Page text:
"Autumn Splendor" 8x10, oil
SOLD

By the way, below are some clips I found of grasshoppers singing. Close your eyes and you can perhaps feel a bit of what I experience when I'm out painting:

Saturday, September 20, 2008

Two Countries, One Bay Studio Tour

This is the weekend of our annual "Two Countries, One Bay" studio tour. Over 50 artists have opened up their studios to the public in the Passamquoddy Bay region, including the Maine towns of Lubec, Eastport and Calais and, in New Brunswick, St Andrews, Deer Island and Campobello Island. Although the tour covers a vast region that is nearly impossible to do in just two days, many attempt it! It's a great opportunity to visit with painters, woodworkers, potters and others in private studios to see how they work.

For my part of the tour, I'm doing pastel painting demonstrations outdoors. The demos are small - only 5x7 -- so I can talk to people and visit with them without getting mired down in a bigger piece. We've got some beautiful weather this weekend, and it's fun to be outside painting during the tour.

Below is a picture of me out with the easel, as well as a shot of the two pieces-in-progress. The top painting was done at 9 a.m. and the bottom, around 2 in the afternoon. You can really see the difference in the quality of light.

"Big Spruce at Dawn" 5x7 pastel -SOLD

"Looking Up" 5x7 pastel

For more on the tour, visit www.TwoCountriesArt.com. I hope to see you!

Thursday, September 18, 2008

Illustrative v. Representational

Representational paintings don't necessarily tell a story. More often than not, especially in the case of the pure, abstracted landscape without architecture or figures, they are meant to communicate a feeling or mood. Most of my work is of this nature, as in this example:

"Shallow Channel" 8x10, oil, en plein air

Illustrative paintings don't necessarily tell a story, either -- even though we often think of illustrations as an accompaniment to texts such as a novel. Sometimes, they are meant to depict a subject accurately, such as a person's face in a portrait. Either way, whether they tell a story or show a portrait, they incorporate detail evenly throughout the painting. The abstracted landscape, on the other hand, will sacrifice detail at the expense of design. Detail is not important to an abstract piece.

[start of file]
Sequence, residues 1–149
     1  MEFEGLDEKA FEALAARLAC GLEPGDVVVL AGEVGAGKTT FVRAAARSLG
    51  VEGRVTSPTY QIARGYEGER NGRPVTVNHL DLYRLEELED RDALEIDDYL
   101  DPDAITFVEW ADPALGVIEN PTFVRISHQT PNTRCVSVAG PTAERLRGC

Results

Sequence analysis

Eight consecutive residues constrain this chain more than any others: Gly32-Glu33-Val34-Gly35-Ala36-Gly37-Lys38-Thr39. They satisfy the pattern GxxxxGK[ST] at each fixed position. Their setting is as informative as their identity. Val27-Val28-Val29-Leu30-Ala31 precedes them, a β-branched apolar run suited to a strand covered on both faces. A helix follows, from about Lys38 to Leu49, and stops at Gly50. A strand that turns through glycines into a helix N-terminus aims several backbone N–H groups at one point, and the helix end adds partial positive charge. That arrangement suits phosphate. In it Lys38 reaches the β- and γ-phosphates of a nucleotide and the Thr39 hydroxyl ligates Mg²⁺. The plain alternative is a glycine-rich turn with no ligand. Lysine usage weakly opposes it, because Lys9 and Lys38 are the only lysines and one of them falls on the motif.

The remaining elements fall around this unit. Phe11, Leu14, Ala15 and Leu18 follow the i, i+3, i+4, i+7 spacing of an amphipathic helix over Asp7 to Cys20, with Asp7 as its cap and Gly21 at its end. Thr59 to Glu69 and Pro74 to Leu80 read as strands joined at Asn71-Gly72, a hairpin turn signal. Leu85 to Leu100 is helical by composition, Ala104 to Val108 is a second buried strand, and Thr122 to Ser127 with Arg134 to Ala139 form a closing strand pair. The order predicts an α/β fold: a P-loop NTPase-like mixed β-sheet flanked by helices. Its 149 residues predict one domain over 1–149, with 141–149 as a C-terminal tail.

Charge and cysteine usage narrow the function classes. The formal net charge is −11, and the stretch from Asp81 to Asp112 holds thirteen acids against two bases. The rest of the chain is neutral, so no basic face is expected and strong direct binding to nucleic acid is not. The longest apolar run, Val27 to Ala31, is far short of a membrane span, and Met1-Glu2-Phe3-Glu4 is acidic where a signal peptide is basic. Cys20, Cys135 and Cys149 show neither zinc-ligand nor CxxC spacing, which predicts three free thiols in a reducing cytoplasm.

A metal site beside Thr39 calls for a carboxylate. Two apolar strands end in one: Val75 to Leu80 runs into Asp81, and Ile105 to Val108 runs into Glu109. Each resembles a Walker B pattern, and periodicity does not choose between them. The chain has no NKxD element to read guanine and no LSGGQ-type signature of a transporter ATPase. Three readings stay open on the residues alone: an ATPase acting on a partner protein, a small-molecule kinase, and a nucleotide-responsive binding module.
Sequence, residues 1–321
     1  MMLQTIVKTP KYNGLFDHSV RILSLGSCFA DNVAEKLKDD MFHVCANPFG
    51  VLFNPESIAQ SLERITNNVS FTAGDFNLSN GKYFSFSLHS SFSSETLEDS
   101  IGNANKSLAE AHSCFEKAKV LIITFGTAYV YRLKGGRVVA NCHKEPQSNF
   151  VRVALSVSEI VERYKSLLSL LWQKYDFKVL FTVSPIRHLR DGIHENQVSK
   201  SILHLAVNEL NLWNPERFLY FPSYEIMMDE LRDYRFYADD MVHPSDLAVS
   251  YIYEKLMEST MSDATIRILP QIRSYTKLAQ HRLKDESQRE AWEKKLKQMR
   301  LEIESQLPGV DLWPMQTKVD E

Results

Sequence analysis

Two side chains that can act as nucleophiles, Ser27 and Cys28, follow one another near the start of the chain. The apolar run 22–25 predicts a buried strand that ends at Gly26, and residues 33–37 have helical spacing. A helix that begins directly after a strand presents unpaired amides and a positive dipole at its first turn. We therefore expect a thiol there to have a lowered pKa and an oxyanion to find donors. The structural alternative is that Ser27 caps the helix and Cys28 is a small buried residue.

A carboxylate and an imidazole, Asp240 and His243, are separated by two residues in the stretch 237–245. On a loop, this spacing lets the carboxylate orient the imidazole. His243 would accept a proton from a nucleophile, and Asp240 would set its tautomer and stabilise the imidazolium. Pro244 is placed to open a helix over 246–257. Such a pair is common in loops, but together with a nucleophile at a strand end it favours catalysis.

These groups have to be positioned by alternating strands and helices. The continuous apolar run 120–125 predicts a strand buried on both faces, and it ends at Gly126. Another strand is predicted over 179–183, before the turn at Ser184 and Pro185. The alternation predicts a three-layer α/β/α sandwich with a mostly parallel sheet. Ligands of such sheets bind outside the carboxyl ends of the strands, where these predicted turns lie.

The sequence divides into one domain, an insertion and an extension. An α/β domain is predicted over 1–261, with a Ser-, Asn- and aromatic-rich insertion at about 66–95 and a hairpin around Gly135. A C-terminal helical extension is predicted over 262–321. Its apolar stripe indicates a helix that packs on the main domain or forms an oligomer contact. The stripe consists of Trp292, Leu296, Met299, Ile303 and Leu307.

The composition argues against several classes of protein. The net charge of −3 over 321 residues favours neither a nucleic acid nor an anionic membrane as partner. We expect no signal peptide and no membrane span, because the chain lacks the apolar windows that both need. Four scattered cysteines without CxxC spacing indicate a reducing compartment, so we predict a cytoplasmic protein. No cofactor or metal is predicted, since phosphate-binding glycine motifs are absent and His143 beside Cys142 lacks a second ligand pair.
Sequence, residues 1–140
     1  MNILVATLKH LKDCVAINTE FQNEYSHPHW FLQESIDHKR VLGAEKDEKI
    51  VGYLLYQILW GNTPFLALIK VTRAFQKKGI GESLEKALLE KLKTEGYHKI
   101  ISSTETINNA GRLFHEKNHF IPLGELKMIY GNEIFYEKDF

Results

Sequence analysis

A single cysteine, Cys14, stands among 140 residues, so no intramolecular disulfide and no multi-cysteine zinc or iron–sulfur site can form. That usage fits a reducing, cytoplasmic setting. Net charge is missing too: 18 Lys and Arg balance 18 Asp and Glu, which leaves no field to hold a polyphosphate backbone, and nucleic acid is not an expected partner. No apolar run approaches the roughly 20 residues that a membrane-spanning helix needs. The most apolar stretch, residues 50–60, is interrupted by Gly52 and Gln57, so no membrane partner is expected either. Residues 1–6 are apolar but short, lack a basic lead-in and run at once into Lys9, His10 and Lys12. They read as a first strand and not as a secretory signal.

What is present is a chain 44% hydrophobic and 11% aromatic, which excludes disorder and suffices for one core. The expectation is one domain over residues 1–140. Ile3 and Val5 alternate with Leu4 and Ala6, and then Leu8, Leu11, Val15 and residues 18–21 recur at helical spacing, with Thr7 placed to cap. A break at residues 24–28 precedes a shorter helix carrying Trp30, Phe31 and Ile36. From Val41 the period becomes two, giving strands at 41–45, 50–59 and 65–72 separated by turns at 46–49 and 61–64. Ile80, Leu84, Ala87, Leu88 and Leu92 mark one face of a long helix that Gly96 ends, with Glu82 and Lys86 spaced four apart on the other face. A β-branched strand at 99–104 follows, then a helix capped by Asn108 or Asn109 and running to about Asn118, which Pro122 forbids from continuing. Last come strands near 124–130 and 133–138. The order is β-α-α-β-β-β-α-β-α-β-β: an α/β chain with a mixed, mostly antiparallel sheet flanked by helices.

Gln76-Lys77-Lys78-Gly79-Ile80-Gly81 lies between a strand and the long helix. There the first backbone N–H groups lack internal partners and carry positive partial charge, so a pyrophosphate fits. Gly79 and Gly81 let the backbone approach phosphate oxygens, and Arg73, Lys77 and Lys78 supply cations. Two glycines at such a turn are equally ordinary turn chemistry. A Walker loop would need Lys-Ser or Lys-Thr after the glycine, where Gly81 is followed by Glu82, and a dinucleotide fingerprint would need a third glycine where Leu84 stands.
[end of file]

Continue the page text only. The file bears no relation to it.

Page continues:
Some illustrative paintings are obviously meant to illustrate stories, such as the work of N.C. Wyeth. (See examples at http://www.bpib.com/illustrat/wyeth.htm ).

Others, such as the egg tempera work of his son, Andrew Wyeth, are illustrative first in that every detail is rendered exquisitely. Stories also are often implied or even explicitly stated. I have in mind something like "Christina's World," in which we see a figure in the landscape looking across a vast field to a house. Even if you don't know the story behind the crippled Christina, the painting will conjure up some sort of tale in the imagination. (Here's this painting: http://www.moma.org/collection/browse_results.php?object_id=78455 )

On the other hand, Andrew also does very abstract watercolors, many of which imply no story or intent to depict the landscape nature accurately but simply suggest a mood. (See http://www.tfaoi.com/newsm1/n1m153.htm.) These are some of my very favorite pieces by him. Most are are wild and unlabored. Detail has been ignored, but design and color remain the foundation of these paintings.

Tuesday, September 16, 2008

Pastel Nocturne

I've never done a night painting in pastel, so I thought I'd give it a try. Unlike oil painting at night, you don't have the color mixing issue. (In the glow of my headlamp, Ultramarine Blue oil paint looks a lot like Alizarin Crimson oil paint, and it's mostly because I always arrange my palette in the same way that I can tell them apart.) But you do have the color selection issue -- which is, in my mind, almost as difficult.

We had a beautiful full moon this morning, and when I woke around 4, I decided to take advantage of it. I loaded up my pastel gear and hiked down to our beach through the apple trees. The ripe apples seem even more fragrant in the night. As I moved out into a clearing, I saw Friar's Head, lying in the distance like a black slab in a silvery sea.